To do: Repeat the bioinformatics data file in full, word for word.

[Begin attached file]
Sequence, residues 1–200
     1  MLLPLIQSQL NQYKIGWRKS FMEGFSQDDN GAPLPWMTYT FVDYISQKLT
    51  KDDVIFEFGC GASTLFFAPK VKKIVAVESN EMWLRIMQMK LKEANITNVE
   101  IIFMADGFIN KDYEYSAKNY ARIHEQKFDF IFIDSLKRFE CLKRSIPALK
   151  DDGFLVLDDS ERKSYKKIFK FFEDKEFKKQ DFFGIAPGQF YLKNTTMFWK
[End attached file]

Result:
Sequence, residues 1–200
     1  MLLPLIQSQL NQYKIGWRKS FMEGFSQDDN GAPLPWMTYT FVDYISQKLT
    51  KDDVIFEFGC GASTLFFAPK VKKIVAVESN EMWLRIMQMK LKEANITNVE
   101  IIFMADGFIN KDYEYSAKNY ARIHEQKFDF IFIDSLKRFE CLKRSIPALK
   151  DDGFLVLDDS ERKSYKKIFK FFEDKEFKKQ DFFGIAPGQF YLKNTTMFWK